Elon Musk has given SpaceX's first huge Starship update in years, and during his presentation, the company showed off what a launch with the massive launch system would look like. The Starship system is composed of the Starship spacecraft itself on top of a Super Heavy booster. SpaceX is working towards making it rapidly and fully reusable so as to make launches to the Moon and to Mars feasible. After making its way outside our planet, the booster will break off and return to its launch tower, where it will ideally be caught by the tower arms. As for the spacecraft, it will proceed to its destination before making its way back to Earth.
Musk said the booster will spend six minutes in the air over all, two upon ascent and four for its return trip. In the future, the system could be reused every six to eight hours for three launches a day. SpaceX says achieving a fully and rapidly reusable system is "key to a future in which humanity is out exploring the stars." Musk also talked about how in-orbit refilling — not "refueling," since the vehicle's Raptor engines use more liquid oxygen than fuel — is essential for long-duration flights.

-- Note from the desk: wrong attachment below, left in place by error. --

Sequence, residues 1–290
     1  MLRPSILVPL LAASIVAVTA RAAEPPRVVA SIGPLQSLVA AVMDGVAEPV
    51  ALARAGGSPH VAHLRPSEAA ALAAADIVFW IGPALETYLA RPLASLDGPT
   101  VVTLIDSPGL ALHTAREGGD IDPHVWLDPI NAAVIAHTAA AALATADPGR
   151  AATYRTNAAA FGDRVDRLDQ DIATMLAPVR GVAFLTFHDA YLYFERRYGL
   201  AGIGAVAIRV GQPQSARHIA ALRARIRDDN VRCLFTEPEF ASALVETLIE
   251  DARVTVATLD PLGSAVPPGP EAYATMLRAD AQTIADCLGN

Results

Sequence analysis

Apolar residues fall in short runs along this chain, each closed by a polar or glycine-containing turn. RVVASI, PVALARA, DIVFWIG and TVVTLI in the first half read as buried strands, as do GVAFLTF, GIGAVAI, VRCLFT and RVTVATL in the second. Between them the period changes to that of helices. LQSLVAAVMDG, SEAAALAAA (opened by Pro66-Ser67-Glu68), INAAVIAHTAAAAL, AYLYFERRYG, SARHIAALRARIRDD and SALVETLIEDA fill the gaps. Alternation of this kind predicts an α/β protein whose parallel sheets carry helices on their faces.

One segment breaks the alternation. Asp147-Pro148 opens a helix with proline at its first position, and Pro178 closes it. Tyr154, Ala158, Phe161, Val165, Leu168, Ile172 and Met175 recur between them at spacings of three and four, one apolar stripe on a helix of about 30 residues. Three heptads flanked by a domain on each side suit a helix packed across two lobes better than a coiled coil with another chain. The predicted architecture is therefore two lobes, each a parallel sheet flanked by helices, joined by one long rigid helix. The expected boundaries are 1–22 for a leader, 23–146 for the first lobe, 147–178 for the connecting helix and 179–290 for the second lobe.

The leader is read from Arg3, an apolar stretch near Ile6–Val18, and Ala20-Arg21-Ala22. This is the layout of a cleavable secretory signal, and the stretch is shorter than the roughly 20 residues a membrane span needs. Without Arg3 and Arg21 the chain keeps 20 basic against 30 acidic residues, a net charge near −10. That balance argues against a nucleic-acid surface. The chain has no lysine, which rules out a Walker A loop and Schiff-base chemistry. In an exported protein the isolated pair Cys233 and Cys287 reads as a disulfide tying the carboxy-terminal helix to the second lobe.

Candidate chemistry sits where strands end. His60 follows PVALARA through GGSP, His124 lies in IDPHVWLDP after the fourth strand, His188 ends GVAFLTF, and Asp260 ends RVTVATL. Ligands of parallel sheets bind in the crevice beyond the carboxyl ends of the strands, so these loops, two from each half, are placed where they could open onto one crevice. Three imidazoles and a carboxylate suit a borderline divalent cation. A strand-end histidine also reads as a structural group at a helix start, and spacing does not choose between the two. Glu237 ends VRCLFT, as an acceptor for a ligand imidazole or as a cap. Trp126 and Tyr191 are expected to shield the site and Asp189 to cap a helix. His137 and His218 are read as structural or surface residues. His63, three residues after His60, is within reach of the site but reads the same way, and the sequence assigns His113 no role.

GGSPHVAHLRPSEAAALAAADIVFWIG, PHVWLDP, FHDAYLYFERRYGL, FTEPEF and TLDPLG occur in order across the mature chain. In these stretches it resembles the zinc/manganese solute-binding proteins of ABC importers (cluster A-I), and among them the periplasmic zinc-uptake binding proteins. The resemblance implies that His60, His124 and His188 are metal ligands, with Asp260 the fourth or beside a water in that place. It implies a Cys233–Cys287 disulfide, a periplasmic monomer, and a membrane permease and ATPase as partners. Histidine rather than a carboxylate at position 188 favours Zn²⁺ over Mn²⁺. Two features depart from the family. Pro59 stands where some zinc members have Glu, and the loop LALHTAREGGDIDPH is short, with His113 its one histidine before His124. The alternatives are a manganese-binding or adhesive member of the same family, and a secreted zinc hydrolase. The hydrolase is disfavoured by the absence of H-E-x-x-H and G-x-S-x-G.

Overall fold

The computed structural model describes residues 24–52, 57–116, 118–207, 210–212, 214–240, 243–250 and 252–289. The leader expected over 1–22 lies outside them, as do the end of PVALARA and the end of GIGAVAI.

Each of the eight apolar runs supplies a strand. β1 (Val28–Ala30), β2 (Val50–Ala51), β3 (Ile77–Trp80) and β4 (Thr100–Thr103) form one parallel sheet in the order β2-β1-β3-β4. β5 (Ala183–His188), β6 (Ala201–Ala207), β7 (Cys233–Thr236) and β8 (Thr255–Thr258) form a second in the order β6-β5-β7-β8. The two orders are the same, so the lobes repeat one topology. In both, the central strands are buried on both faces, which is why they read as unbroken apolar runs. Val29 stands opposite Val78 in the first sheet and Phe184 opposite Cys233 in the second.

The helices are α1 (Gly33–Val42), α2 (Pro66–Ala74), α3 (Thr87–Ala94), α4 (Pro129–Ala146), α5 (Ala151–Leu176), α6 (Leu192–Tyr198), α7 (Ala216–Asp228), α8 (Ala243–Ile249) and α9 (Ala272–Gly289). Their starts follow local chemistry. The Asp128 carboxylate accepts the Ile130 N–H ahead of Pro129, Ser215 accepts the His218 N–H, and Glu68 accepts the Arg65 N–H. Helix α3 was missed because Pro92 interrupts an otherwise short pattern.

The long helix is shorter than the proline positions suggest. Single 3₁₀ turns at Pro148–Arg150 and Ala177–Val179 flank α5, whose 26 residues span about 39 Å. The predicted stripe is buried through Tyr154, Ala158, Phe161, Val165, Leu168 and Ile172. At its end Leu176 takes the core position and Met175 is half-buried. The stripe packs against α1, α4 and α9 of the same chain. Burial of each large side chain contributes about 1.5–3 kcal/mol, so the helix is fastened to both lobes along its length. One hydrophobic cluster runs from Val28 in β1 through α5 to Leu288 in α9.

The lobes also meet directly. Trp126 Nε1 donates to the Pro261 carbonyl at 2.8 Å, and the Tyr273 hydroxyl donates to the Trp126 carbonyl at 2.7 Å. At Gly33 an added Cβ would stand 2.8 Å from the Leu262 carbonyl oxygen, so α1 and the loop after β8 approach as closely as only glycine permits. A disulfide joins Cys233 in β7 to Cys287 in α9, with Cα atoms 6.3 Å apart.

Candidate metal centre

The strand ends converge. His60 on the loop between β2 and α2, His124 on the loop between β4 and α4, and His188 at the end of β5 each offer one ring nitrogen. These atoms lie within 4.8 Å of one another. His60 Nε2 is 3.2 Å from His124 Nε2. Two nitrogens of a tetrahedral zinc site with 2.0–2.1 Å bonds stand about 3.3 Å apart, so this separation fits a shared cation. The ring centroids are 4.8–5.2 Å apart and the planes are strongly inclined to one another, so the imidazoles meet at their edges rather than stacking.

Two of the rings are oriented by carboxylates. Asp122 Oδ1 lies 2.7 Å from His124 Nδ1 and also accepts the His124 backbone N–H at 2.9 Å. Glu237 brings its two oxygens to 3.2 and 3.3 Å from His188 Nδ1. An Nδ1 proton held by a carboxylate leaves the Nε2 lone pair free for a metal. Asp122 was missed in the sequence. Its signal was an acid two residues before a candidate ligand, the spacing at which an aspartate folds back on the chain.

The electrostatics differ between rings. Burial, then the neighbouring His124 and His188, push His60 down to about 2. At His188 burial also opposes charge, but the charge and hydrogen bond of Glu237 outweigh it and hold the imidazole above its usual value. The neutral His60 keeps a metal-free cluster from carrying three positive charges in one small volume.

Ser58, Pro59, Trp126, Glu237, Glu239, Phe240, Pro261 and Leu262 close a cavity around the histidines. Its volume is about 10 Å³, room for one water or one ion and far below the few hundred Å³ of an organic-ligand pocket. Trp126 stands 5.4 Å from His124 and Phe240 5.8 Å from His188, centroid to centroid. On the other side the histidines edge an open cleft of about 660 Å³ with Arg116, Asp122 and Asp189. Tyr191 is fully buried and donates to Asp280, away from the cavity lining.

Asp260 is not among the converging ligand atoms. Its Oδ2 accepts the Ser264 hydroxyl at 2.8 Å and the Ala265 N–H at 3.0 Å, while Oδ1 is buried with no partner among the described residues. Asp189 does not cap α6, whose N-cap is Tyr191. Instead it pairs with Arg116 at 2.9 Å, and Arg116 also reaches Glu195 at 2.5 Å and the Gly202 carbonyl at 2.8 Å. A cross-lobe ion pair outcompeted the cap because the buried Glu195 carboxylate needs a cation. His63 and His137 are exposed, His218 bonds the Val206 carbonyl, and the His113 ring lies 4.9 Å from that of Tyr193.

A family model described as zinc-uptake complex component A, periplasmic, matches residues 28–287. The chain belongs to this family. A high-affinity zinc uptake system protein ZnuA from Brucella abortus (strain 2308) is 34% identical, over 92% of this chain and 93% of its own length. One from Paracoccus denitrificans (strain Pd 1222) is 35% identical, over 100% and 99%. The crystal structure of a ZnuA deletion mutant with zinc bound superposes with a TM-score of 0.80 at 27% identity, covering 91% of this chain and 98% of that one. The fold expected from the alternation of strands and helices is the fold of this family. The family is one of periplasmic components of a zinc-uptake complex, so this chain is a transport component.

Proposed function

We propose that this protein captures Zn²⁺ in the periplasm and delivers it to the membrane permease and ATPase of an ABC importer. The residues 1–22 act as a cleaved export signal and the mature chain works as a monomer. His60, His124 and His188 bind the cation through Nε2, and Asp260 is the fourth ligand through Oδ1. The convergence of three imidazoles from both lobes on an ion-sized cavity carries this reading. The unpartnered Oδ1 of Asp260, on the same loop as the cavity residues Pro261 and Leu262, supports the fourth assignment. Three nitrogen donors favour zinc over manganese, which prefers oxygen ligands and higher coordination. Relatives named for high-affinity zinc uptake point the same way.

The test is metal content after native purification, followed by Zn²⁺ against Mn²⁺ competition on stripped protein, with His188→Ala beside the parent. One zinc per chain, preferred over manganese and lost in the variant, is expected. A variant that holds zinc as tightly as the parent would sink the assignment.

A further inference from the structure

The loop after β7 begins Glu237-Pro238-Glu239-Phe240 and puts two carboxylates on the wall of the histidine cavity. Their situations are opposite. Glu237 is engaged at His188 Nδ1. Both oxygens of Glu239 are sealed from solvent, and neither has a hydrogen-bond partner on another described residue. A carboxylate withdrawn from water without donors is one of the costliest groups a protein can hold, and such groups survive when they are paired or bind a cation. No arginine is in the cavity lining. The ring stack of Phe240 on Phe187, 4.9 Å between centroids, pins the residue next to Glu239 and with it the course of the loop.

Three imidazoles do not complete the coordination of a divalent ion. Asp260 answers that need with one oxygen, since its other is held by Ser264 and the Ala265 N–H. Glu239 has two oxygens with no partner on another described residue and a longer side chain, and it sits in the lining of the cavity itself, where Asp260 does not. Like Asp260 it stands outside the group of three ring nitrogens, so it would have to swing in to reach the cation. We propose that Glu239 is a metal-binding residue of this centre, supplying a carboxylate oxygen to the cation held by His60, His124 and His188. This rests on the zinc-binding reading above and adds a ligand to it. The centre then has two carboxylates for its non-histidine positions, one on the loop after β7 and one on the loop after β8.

The Super Heavy booster, Musk said, has more than twice the thrust of a Saturn V, the largest rocket to ever head to space so far. In its current iteration, it has 29 Raptor engines, but it could eventually have 33. Speaking of those engines, Raptor version 2 is a complete redesign of the first, costs half as much and needs fewer parts. The company is capable of manufacturing five to six a week at the moment, but it could apparently be capable of producing as many as seven by next month.
Aside from being able to carry hundreds of tons, the Starship could revolutionize space travel if SpaceX can truly make launches as affordable as Musk said it could. He revealed during the event that a Starship launch could cost les than $10 million per flight, all in, within two to three years. That's significantly less than a Falcon 9 launch that costs around $60 million.
SpaceX wants to launch the Starship from its Boca Chica, Texas facility called Starbase, where it's been building the rocket's prototype. It has yet to secure approval from the Federal Aviation Administration to do so, and Musk said the company doesn't know where things stand with the agency exactly. However, there's apparently a rough indication that the FAA will be come with its environmental assessment in March. SpaceX also expects the rocket to be ready by then, which means Starship's first orbital test flight could be on the horizon.